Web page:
Well I wont tell you about the ordeal we had to go through just to get here as Katie has already done a very good job of describing that for you all. Let's just say that our India learning curve is very steep and I believe we have pretty much reached the apex of it by now. Jaisalmer is described in the Lonely Planet as " a giant gleaming sand castle rising some 80M high above Trikuta(three-peaked) Hill. I'm not so sure I would use the same adjectives to describe this place but it does nonetheless look like someone built a giant sand castle perched on a hill out in the middle of nowhere. It is known as the Golden City. Uh, not so golden. 99 huge bastions encircle the narrow streets of the fort(castle) which is still being inhabited by the locals to this day. In the old times the inhabitants worked for the maharajas(kings), but today they just run the guesthouses or shops and stalls swaddled along the way. One interesting thing about this place is that you can find an Italian restaurant on every street corner. Huh? I guess they must love Italian food. Jaisalmer is a camel-safari culture due the mass of sand dunes between the city and other far away places. It used to be a huge trading depot back in the day for travelers. So as you might expect there are hundreds of camel-safari companies that line the outer fort walls and they haggle you to death to go on a safari ride every time you pass them by. They are relentless here! It's pretty cool though. You can go on a half day up to a 4 week camel safari run all the way to Puskar if you like roughing it that much. We opted not to take one as it is the winter here and it gets very cold at night. I did not see the romance of sleeping next a drooling, smelly camel in the middle of the desert night freezing my tush off! Thx, but no thx. I will say that if it were warmer I might do a 2 to 3 day safari run because the desert nights here are so clear and beautiful. You can see Orion as if you were looking through a telescope. Pretty cool.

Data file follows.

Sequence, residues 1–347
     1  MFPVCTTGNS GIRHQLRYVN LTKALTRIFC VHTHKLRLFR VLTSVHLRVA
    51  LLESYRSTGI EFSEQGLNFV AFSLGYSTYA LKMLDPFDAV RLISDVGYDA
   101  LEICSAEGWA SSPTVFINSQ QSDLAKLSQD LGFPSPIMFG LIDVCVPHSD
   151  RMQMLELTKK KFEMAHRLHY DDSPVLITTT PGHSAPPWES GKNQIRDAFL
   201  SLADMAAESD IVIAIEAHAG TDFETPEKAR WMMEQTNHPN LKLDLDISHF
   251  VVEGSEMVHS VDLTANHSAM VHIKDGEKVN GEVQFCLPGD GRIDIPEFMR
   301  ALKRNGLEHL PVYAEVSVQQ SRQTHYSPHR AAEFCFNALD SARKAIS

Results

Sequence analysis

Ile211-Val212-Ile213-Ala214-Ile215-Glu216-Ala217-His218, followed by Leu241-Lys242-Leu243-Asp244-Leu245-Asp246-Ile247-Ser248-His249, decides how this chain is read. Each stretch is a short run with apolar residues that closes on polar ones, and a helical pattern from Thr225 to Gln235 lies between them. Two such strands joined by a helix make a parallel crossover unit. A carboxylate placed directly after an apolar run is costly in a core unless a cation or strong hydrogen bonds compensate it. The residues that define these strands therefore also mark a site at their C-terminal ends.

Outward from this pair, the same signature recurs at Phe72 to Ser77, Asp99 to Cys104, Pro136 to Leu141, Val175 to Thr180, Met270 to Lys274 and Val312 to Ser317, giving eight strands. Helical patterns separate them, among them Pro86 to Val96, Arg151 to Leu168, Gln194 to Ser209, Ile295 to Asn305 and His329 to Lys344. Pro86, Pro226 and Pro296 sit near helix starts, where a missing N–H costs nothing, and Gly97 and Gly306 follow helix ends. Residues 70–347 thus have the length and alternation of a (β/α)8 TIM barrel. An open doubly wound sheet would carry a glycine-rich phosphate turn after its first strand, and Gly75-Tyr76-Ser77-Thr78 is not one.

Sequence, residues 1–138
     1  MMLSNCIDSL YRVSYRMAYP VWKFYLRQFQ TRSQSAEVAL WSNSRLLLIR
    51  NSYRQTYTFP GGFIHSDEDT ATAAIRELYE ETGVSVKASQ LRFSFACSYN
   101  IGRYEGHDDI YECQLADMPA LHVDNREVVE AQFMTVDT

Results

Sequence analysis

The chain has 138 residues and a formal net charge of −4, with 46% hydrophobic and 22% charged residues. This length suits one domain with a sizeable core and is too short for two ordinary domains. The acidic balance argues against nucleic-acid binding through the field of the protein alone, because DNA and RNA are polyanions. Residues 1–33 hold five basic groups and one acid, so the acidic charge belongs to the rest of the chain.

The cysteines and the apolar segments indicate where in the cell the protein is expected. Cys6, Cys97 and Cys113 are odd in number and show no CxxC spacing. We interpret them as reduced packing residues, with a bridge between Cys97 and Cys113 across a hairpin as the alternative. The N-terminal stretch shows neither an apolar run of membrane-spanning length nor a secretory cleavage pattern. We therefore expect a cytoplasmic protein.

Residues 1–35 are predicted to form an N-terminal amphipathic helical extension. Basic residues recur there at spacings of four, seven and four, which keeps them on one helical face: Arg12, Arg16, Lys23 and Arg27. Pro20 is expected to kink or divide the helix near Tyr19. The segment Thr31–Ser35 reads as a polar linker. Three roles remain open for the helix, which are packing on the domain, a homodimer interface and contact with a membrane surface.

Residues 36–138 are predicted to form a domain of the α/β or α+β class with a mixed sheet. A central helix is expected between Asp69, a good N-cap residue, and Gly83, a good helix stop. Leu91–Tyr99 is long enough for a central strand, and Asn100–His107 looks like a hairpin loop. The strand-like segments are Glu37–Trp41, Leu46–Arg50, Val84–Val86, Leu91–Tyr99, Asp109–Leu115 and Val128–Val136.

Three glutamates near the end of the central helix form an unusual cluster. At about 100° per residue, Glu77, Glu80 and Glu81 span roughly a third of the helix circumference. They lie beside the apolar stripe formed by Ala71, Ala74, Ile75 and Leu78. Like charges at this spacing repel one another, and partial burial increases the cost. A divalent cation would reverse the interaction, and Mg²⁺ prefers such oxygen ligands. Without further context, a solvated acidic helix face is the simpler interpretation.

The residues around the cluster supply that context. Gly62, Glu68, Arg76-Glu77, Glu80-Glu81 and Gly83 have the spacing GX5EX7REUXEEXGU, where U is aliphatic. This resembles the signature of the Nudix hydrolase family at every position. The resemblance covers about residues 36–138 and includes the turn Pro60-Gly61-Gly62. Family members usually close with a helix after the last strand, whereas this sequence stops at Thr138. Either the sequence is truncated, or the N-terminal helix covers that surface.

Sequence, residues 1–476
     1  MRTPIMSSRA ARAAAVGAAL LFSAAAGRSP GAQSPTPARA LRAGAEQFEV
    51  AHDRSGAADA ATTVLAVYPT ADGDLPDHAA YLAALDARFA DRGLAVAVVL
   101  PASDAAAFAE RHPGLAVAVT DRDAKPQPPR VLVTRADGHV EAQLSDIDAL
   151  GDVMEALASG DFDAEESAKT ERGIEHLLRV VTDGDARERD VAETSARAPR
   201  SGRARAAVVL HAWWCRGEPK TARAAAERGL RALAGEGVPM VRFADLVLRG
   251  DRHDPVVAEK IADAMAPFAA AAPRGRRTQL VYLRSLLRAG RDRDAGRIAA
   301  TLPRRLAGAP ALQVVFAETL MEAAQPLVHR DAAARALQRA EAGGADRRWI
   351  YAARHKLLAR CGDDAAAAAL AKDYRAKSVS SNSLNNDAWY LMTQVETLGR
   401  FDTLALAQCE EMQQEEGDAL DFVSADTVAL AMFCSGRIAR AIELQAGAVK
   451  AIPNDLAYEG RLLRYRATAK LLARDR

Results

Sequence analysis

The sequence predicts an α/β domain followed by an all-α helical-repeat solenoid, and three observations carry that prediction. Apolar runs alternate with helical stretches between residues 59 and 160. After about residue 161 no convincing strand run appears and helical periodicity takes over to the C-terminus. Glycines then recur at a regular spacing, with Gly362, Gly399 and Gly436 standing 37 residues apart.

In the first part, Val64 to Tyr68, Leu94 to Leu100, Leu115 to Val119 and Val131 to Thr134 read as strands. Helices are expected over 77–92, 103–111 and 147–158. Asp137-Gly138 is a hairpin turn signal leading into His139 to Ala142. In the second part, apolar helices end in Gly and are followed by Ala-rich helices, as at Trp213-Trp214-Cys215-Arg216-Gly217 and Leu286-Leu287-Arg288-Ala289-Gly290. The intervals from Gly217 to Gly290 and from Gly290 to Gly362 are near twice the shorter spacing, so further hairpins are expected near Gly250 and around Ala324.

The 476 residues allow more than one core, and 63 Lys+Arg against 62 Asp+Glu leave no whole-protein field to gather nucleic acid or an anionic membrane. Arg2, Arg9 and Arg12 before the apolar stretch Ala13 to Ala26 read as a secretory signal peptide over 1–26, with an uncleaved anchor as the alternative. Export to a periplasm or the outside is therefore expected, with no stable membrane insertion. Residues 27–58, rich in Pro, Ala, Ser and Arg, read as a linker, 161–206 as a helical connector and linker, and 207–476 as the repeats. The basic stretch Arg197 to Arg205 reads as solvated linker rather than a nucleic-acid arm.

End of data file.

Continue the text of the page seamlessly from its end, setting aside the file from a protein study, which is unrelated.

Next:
Jaisalmer was founded in 1156. The succesion of maharajas of Jaisalmer trace their lineage back to a ruler of the Bhatti Rajput clan, Jaitasimha. The Bhatti Rajputs trace their lineage back to Krishna. The 13th and 14th Centuries were a tempestous time. Rulers relied on looting for income and the city was repeatedly attacked as the ones looted sought their revenge. The early Jaisalmer rulers continued to fill their piggy banks with illicit gains won through cattle rustling as well as imposing levies on caravans that passed on their way to Delhi. They were renouned for their valour and treachery as they fought to expand and secure their kingdom.